The act of posting sexually graphic images or video of former lovers to the Internet continues to rise in Japan, according to the results of a new survey that was released Thursday. Cases of so-called “revenge porn” were reported 110 times in the last month of 2014, Japan Times reported, and the majority of the victims were female.

The survey, which was conducted by Japan’s National Police Agency between Nov. 27 and Dec. 31, 2014, showed that the bulk of those posting revenge porn were in their 30s while most of the victims were in their 20s or older. Some of the men arrested charged with committing revenge porn in Japan offered a wide range of excuses for their behavior, according to the Japan News, including: “I asked her to come back to me, but she didn’t reply,” and “I got angry when I learned she was going out with another man.”

 

Masashi Yasukawa, chairman of the National Web Counseling Council, which is based in Tokyo and counsels victims of revenge porn, has offered some cautionary words for potential victims, saying in part, “People should avoid situations where they can be secretly photographed or refrain from posting private information and photos that lead to identifying [victims].”

Japan in November passed a countrywide ban on revenge porn after a male citizen stalked his ex-girlfriend before posting explicit sexual photos of her online and ultimately killing her.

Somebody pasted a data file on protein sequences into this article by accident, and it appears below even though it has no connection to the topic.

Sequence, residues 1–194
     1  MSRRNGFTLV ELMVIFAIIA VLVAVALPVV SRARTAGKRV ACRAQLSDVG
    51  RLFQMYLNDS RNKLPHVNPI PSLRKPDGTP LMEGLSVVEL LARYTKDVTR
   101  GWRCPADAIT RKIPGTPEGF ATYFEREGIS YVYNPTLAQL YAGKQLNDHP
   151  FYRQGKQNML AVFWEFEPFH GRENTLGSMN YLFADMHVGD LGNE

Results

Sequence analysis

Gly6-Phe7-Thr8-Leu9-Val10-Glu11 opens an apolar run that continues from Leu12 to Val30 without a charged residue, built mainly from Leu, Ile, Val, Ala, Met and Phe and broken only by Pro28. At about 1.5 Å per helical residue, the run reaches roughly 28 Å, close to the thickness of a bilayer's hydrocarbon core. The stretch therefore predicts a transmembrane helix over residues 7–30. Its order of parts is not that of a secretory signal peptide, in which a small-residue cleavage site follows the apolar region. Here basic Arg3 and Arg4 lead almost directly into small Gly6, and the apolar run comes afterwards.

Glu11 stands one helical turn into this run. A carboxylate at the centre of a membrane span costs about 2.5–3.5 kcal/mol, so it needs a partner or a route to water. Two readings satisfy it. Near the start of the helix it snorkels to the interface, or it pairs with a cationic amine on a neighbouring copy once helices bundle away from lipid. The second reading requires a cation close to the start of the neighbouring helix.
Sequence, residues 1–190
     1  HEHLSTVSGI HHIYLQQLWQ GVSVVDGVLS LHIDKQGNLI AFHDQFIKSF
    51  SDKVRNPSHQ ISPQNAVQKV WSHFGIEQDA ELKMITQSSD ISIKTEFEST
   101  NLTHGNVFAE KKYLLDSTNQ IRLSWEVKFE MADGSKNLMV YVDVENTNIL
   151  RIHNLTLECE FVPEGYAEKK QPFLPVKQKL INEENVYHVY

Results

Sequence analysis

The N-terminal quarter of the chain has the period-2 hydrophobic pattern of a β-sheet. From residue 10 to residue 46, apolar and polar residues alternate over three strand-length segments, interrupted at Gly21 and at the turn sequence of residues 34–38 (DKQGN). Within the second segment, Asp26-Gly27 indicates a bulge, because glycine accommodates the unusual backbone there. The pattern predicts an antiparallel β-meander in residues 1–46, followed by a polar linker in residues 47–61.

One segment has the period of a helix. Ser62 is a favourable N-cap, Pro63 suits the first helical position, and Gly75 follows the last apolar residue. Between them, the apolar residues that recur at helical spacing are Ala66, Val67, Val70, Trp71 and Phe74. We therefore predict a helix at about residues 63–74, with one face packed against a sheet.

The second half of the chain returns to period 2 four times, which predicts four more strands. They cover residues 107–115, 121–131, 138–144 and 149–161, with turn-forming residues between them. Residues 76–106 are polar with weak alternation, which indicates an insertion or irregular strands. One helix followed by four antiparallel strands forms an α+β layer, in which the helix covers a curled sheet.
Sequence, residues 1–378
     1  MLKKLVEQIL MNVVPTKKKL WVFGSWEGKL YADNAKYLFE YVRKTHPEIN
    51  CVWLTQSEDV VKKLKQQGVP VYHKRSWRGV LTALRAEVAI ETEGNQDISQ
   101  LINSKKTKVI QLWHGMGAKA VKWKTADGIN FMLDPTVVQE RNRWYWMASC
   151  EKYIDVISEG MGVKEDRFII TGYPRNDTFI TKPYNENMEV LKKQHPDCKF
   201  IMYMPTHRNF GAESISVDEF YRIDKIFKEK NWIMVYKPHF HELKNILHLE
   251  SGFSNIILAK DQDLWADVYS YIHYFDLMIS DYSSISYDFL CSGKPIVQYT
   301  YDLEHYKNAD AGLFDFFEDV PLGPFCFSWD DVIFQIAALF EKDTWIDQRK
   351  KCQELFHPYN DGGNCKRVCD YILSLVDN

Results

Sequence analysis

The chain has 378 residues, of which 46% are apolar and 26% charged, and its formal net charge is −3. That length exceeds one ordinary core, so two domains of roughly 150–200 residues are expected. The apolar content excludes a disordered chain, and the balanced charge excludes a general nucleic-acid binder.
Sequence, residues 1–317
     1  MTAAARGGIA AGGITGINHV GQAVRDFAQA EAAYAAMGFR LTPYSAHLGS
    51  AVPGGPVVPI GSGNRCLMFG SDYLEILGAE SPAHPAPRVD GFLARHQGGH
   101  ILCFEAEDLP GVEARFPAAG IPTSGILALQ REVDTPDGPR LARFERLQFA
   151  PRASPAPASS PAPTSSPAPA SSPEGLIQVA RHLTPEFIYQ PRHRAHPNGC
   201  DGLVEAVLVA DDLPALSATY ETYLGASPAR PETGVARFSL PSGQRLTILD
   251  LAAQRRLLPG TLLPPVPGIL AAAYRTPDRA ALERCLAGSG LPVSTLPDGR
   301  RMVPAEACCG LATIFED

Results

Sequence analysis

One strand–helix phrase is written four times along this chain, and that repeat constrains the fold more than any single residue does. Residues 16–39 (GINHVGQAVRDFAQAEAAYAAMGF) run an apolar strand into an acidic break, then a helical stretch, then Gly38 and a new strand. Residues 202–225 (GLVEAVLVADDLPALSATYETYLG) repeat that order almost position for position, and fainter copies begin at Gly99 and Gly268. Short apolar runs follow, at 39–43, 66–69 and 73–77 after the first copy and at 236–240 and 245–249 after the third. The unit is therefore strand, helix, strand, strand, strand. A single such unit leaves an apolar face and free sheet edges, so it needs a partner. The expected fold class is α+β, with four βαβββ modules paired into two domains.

Earlier this month, Twitter -- to which many of the social network’s users have posted such content – implicitly banned revenge porn from being tweeted, mandating in part that "You may not post intimate photos or videos that were taken or distributed without the subject's consent." Facebook has also enacted a similar policy.

Revenge porn’s prevalence is also growing in the United States, and a Democratic California Congresswoman is planning to introduce a bill this month against the practice. "Today it's possible to ruin someone's life with the click of a button, by publishing another person's private images without their consent," Rep. Speier told Gizmodo last month. "Our laws haven't yet caught up with this crime." A bill to make revenge porn illegal in North Dakota passed overwhelmingly in the state’s legislature Wednesday.